When we invest in cryptocurrencies, the development progress and activities of the team are often seen as indicators of potential price increases during bull markets and as a reason to continue holding during bear markets.
But does the team's efforts truly result in greater price gains during bull markets? Are cryptocurrencies with active development teams more resilient to price drops during bear markets?
In this article, we will analyze 10 years of historical data to provide you with the answers.
Since its inception in 2009, Bitcoin has witnessed four distinct market ups and downs for the past 14 years, commonly called bull and bear cycles. These cycles have been influenced by various industry trends, such as the rise of Initial Coin Offerings (ICOs), the proliferation of public blockchain projects, the surge of decentralized finance (DeFi), and the recent wave of Non-Fungible Tokens (NFTs).
To simplify our analysis, we will define the first round of bull market as the period from July 2015 to January 2018. This was followed by the first round of bear market from January 2018 to March 2020. The second round of bull market spanned from March 2020 to May 2021, and the current phase, starting from May 2021, is considered the second round of bear market.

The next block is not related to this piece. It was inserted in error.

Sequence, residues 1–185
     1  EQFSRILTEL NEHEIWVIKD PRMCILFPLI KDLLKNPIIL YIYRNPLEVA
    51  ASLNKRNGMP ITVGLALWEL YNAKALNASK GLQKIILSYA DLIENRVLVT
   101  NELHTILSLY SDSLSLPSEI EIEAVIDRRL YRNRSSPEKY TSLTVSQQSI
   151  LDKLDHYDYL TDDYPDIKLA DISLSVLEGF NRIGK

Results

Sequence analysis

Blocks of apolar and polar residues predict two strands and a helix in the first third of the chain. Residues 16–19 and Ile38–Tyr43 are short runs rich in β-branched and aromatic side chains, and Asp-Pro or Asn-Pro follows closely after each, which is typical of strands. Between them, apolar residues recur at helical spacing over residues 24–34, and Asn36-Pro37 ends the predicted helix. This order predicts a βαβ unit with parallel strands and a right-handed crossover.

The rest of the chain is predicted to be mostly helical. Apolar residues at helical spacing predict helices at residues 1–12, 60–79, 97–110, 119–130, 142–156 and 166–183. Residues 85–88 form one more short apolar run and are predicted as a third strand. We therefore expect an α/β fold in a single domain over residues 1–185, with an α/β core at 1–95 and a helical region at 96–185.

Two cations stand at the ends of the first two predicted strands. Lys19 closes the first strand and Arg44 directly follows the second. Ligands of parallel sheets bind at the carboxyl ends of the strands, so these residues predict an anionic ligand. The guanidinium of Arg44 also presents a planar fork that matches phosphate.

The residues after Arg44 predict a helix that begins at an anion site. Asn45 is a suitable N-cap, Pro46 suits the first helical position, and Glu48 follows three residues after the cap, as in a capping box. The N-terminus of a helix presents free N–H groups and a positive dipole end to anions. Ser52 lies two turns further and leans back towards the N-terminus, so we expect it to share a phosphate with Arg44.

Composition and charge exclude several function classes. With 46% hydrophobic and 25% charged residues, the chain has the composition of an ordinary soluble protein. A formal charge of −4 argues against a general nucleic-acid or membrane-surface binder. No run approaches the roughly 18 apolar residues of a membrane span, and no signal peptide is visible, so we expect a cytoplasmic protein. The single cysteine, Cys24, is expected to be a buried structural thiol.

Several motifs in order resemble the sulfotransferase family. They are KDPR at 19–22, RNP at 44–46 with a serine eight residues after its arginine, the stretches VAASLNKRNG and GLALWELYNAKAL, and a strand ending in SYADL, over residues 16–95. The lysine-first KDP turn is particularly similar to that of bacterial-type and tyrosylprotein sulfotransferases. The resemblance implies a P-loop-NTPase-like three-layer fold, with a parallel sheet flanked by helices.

Due to the limited availability of data and the considerable time gap, this article will primarily focus on analyzing the most recent three cycles. The first round of the "ICO" bull market, which occurred between July 2015 and January 2018, is excluded from the rigorous analysis due to its distant timeframe and scarcity of data.
By examining these three cycles in detail, we aim to provide valuable insights into the market dynamics and trends shaping the crypto industry.
In the blockchain industry, most projects use open-source code hosted on GitHub, a platform for sharing and collaborating on code. Therefore, Falcon has identified six specific factors on GitHub that are measurable signs of a team's development activity and progress. These factors include Stars, Forks, Commits, Issues, Pull Requests, and Watchers.
Let's take a closer look at what each factor represents in the table below:
Github data for all the projects in this article are also available on Falcon's products, visit the link:
In our analysis, we examined the price movements of various coins and their corresponding project GitHub data using the six identified factors across three market cycles. After removing any outliers, we obtained a total of 81, 330, and 596 valid token samples for each of the three market cycles.
To help you understand the charts presented below, let's explain the nomenclature that will be used:
GitHub data revealed that it had some mitigating effect on the decline of coin prices. However, the impact was limited due to the small sample size of data available for analysis during that period.
Let's start with the first bear market.
Six GitHub metrics and descriptive information on the token price movement are provided.